App-based taxi services take off in Amman
Both Easy Taxi and Uber are slightly more expensive than traditional taxis. (AFP/File)
Given that few domains if any aren’t affected by information technology in general and by smartphone applications in particular, getting a taxi with the help of your phone is one of the latest trends in Amman; and it’s working rather well. Already implemented in other countries like the USA for more than four years now, the concept has reached Jordan.
At least two services are available and operating in the country, Easy Taxi and Uber. Both are equally famous and function on a global scale. Uber received unexpected, perhaps uncalled for, publicity last month when the traditional taxis in France went on strike, rejecting Uber’s competition as being unfair practice, leading to sometimes violent actions, serious disturbance at airports, and ending with the French government’s order to stop Uber’s operation; at least pending more investigation and another decision.
Once you download the app on your smartphone and install it, you can use it to request a taxi. Your location is instantly known and the closest available car is dispatched to you. The car’s licence plate, the driver’s name and photo are displayed on your screen. The estimated wait time also is displayed, as well as the constantly updated, real-time position of the cab on the map shown on your phone’s screen while it is “en route” to you. In terms of convenience it is hard to beat.
There are differences between Easy Taxi and Uber. The main one is that you pay the first in cash whereas the second directly charges your credit card, the number of which you have to disclose and enter when you start with the app and the subscription. Not having to carry cash for riding with Uber is seen as an advantage by most and as a risk (the usual credit card risk fear) by a few.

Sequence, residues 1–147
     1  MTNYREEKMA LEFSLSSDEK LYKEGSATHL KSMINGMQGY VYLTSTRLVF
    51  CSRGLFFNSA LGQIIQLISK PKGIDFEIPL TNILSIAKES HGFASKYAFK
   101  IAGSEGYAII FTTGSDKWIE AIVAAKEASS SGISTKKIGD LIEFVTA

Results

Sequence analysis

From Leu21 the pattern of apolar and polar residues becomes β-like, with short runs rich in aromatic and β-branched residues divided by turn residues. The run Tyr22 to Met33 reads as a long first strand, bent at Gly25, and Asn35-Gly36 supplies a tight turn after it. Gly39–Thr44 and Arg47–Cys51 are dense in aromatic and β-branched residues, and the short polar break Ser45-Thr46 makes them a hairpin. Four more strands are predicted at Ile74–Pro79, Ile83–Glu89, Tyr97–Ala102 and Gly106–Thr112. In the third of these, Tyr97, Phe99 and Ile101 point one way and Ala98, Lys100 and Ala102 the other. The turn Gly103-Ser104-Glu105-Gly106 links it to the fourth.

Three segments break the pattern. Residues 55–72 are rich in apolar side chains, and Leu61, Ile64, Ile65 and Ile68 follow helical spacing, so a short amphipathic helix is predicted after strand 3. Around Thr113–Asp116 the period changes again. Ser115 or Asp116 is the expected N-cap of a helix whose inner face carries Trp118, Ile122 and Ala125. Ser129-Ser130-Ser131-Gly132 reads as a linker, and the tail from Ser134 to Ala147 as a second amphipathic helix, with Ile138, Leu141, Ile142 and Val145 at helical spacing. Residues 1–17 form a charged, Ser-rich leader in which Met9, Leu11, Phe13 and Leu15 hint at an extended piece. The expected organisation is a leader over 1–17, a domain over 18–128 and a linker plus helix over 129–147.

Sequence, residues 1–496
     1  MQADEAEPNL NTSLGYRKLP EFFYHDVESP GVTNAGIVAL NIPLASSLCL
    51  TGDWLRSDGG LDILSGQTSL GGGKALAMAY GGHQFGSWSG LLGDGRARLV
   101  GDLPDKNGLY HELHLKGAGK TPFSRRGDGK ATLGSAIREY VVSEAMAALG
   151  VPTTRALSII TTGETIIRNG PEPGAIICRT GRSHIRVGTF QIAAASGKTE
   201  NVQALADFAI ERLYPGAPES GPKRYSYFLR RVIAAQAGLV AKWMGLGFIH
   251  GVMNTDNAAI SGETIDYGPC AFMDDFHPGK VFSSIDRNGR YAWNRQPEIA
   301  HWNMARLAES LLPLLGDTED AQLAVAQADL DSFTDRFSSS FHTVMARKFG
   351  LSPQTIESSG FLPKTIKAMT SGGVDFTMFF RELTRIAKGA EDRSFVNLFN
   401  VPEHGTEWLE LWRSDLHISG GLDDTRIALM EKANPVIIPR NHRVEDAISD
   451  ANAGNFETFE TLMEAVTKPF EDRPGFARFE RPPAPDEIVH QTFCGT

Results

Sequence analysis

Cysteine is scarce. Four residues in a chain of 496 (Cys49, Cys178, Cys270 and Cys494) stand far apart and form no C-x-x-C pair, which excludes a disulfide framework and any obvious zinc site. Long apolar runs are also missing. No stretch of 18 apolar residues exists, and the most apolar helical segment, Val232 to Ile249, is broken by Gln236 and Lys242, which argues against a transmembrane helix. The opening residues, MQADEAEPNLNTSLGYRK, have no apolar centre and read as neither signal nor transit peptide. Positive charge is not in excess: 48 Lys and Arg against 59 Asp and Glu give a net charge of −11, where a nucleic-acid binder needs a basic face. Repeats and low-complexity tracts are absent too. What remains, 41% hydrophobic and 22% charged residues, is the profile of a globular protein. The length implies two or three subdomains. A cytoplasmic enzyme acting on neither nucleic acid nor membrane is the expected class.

The two services share one common trait: they are understandably a little more expensive than traditional taxis (by about JD0.750 to JD1.500 per trip), with Easy Taxi being slightly less expensive than Uber. Moreover, Easy Taxi uses the already available network of Jordanian yellow taxis, whereas Uber is operated by drivers using rental cars, often more comfortable than the old yellow taxis.
The lack of convenient public transportation in Amman certainly is boosting the operation of Easy Taxi and Uber. Having the driver’s and the car’s details on your smartphone when you order the cab provides unprecedented safety to young children, women, and all those who hesitate to hail a taxi on the street the old way. Easy Taxi actually has been selected by Google and Apple as being one of the “Top Apps of 2014”.
I tried both services in Amman on several trips, and was equally satisfied with them. I never had to wait more than three or four minutes for the car to arrive. Chatting with the drivers I learnt, interestingly, that more than 60 per cent of their clients were non-Jordanians, especially in this summer period. They also expressed a common concern about what may happen when the service gets really to the wide public and exceeds the traditional taxi service.
Some drivers told me that smartphone apps like Easy Taxi and Uber would soon “kill” the traditional way of requesting a taxi, whereas others feared that at some point the government may step in and impose restrictions or additional taxes of some kind, to protect the old, traditional service.
In the meantime the apps are getting more and more popular with every day that passes, with the word of mouth doing wonders to increase usage. Hold on tight to your smartphone.
By Jean-Claude Elias